Reminds me of the fairly well known story about the mighty oak and the reeds ... for those who aren't in the know, here's a quick summary ... its a tale of a mighty oak tree that was proud of its ability to stand tall and strong against the winds that blew at it and the humble reeds that bent with the wind. A particularly strong gale brought the oak to its knees ... literally. The mighty oak had to give in. All its strength could not help withstand the mighty forces of nature, whereas the reeds suffered little or no damage. At this juncture the fallen oak asks the reeds how a humble and weak plant like the reed could survive the strongest of gales and live to see another day while the mighty oak was humbled ... the key lies in the behaviors exhibited by the reeds and the oak ... the oak resisted when resistance was not the brightest thing to be doing whereas the reeds were flexible, they bent and went with the flow .... what i'm driving at is this - sometimes its good to go with the flow, sometimes its good to stand out. There's a time to resist, a time to bend ... no one action or behavior suits all circumstances.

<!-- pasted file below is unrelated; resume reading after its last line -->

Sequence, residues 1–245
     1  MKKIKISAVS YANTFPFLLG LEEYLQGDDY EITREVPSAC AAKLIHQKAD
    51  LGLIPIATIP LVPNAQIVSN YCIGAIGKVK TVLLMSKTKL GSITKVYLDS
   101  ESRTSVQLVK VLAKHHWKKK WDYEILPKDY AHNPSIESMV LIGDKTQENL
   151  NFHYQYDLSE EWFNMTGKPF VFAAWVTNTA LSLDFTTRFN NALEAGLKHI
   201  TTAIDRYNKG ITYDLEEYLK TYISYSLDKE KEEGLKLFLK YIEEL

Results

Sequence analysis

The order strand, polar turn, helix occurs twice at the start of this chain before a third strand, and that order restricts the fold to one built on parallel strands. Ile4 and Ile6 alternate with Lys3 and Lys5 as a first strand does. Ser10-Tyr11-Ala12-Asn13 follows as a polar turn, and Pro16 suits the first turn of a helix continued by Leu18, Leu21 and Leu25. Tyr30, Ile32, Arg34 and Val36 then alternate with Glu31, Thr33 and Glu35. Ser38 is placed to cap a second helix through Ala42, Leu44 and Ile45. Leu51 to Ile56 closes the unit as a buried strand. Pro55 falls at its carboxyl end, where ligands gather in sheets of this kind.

The ability to be flexible, the ability to discern and act appropriately as the situation demands, is key to being counted amongst the fittest who survive and possibly thrive.


I'll sign-off this post with an interesting innerspace quote ... "It's good to have an opinion isn't it? If you don't have an opinion about important issues you are seen as weak - right? This is how people justify holding an opinion about anything and everything. But wait a second - in the moment of expressing your opinion, if it is the defence of a position, or it's designed to be against another opinion, it is nothing more than an attachment. And this means fear is present. It means insecurity. This may explain why those who have the same opinions form pressure groups and factions, and why there is usually a great deal of emotion and conflict present. It may explain why there is much wailing and weeping, loud words and the crossing of swords whenever, opposing opinions meet. Much better to have a point of view, and to be extremely interested in others points of view. This says, "I am flexible", it says, "I have the humility to learn", and it says, "I seek to meet you on the ground we share, as opposed to fight you from a proclaimed territory."